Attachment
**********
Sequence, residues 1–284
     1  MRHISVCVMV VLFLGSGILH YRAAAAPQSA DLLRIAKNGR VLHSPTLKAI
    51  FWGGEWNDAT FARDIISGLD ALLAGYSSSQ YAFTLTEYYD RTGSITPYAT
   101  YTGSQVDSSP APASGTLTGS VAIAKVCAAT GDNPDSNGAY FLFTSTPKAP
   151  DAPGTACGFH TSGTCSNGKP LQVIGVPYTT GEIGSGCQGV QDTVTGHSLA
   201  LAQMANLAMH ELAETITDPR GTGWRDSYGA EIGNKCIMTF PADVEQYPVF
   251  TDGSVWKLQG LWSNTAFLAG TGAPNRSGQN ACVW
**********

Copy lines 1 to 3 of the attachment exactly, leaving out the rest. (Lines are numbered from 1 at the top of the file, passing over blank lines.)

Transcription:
Sequence, residues 1–284
     1  MRHISVCVMV VLFLGSGILH YRAAAAPQSA DLLRIAKNGR VLHSPTLKAI
    51  FWGGEWNDAT FARDIISGLD ALLAGYSSSQ YAFTLTEYYD RTGSITPYAT